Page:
Nymi Wristbands are the newest in identification technology, with Bionym, a Toronto-based company, announcing the creation of a wristband that uses the wearer’s heartbeat as an identification device, zeroing in on the user. This verifies the identity of the wearer, matching what the company has called the heartwave, which is accessed through an electrocardiogram sensor. The Nymi Wristband sells for $750.
This new technology comes on the heels of company’s production of things like the iPhone that recognizes the thumbprint and is the latest in technological advances that promise the consumer more freedom from paper and plastic in general, with the Nymi being easily hooked, via software, with various practical applications like unlocking, automatically, their personal electronic devices to working with specialized door locks to replace keys in general. Future applications are promising, with perhaps a car unlocking or voice-activated car start-up just a couple of interesting, innovative, dynamic ideas that could, in the next decade or two, be on the horizon.
Some applications the company expects are, perhaps, retail purchasing tracking, with suggested items or coupons being a benefit. Perhaps these could take the place of paper identification for flights if the idea caught on, with other possibilities including opening doors at hotels, etc. The Nymi could be programmed directly at the hotel desk, for example.
Apps are expected for the device and should be launched within a year, the company says, with the device due to hit shelves sometime this coming spring. Many people confuse the new bands with those that have become popular recently, the silicone-elastic style ones used to raise awareness around the homeless or cause such as ending breast cancer. The wristbands are colorful, trendy, and popular, with more than just kids signing on to the idea. Often, when wearing one an onlooker might ask what the cause of that band is for. Nymi could have a field day if teaming up with one of these producers, opting to have slogans or causes associated with their bands but most likely look to accent a Nymi with one of these rather than expect Bionym to start customizing these anytime soon.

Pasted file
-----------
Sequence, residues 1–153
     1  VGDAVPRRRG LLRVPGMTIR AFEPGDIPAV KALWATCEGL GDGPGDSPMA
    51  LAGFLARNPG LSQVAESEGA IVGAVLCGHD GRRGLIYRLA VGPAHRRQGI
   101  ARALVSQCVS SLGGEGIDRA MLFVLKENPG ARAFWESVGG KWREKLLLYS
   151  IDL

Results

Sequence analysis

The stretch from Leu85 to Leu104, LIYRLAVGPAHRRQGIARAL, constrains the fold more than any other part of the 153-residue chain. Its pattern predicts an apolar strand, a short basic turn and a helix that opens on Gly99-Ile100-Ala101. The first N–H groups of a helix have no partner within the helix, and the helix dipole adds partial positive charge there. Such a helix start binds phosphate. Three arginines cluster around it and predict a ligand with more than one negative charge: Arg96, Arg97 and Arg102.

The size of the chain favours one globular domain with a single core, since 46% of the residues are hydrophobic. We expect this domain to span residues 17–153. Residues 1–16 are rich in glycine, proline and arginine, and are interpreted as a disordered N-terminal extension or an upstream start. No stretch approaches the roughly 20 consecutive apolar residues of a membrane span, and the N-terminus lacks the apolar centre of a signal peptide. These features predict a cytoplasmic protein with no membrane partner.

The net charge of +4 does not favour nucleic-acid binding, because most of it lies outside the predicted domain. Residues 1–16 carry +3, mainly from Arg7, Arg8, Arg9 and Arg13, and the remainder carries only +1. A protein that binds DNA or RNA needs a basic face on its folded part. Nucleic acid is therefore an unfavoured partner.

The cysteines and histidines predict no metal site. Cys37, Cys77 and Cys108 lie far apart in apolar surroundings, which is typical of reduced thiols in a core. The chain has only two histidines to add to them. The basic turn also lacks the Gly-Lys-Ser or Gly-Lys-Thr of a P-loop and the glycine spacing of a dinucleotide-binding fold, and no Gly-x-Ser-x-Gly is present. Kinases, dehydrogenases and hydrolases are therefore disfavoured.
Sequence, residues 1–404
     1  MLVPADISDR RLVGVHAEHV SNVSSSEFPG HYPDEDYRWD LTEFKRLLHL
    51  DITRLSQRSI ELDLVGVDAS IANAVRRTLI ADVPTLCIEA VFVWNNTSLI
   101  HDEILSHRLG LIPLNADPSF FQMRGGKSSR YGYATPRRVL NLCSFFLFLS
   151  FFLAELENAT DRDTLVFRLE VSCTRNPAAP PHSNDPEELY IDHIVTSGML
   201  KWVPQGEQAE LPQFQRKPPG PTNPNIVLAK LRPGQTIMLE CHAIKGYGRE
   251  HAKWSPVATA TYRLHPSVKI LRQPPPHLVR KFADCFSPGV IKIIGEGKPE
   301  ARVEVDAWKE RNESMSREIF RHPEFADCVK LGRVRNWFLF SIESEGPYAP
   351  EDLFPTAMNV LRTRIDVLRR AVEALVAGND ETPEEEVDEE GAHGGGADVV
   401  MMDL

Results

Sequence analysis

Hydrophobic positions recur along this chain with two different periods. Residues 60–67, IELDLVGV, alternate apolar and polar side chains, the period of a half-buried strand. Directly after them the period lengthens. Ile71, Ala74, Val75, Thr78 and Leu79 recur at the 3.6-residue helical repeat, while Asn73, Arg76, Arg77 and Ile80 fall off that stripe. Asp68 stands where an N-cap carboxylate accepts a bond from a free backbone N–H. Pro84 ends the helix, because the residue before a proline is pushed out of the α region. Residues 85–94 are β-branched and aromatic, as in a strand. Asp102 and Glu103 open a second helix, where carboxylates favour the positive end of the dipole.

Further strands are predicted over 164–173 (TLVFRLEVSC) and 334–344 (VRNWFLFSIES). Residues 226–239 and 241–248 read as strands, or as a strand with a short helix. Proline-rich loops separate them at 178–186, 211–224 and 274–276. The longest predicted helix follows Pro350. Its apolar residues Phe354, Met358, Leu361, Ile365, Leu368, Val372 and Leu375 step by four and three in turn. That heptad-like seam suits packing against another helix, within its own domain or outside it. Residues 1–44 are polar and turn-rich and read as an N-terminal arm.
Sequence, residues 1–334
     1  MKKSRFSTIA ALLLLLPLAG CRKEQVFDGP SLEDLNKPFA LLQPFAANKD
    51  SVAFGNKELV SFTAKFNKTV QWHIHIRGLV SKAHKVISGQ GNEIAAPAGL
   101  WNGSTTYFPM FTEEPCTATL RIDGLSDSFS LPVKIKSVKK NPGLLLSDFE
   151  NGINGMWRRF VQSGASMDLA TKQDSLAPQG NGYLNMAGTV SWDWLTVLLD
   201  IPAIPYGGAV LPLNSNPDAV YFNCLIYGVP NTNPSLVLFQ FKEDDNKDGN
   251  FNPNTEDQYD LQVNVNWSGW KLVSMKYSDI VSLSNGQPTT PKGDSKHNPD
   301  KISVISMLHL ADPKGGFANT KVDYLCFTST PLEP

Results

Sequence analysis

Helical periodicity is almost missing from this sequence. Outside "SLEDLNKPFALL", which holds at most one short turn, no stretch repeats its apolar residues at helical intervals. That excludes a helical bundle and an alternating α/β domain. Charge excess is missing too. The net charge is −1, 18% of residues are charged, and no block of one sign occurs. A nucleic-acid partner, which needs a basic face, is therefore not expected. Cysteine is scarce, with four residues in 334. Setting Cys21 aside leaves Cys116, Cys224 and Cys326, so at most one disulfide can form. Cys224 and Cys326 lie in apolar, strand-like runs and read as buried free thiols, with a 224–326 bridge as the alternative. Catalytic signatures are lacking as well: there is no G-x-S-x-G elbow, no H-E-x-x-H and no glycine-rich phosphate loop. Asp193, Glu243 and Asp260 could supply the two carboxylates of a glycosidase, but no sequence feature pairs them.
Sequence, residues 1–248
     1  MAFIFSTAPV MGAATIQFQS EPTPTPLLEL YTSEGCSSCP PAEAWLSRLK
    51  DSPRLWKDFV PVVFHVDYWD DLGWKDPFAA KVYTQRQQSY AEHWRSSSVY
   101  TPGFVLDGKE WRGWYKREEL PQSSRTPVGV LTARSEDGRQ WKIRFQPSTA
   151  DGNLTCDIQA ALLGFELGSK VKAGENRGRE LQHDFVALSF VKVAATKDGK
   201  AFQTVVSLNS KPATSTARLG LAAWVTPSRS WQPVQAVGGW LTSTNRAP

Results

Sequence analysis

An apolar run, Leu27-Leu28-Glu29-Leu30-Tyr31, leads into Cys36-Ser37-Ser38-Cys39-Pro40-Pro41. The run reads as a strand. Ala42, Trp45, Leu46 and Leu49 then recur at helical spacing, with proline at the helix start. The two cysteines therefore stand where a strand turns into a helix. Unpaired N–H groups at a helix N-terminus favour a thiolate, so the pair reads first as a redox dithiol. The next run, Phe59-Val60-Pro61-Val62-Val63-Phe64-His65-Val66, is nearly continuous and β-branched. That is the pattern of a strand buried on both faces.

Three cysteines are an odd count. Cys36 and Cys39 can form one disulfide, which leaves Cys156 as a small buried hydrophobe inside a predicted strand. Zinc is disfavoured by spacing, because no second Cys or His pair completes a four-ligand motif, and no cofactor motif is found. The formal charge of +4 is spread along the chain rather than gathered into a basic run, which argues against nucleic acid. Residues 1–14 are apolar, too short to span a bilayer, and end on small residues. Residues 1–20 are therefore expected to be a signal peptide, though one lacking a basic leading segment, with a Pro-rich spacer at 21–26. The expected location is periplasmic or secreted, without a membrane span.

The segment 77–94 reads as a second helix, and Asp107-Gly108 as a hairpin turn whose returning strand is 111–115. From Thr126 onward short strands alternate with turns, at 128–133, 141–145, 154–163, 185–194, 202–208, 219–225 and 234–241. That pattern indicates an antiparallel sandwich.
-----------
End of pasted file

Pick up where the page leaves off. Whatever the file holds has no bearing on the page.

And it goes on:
As for Nymi itself, the new wristbands are making quite a splash in the technology sectors, with much ado about the device that looks, quite innocently, like nothing more than a thin wristwatch band. The electrosensor is lightweight, easy to sport, and does not cause any strain, not more than a wrist watch in terms of the wearer’s stress or comfort.
The website, Tech Crunch, has produced an article on Nymi in which Bionym CEO and co-founder Karl Martin has said that the goals of the company are to pretty much transform the interactions a person has with various interfaces. As he has said, "Device unlocking is really the very simple demonstration of the capability we provide and certainly we can do that on pretty much any platform but iOS. Our thinking is much, much broader than thatâ€¦ Our interest is much more about how can we change your interaction either with your personal technology, in the home environment, or at events, or in recreation environments, things like that."
For more information, see www.bionym.com.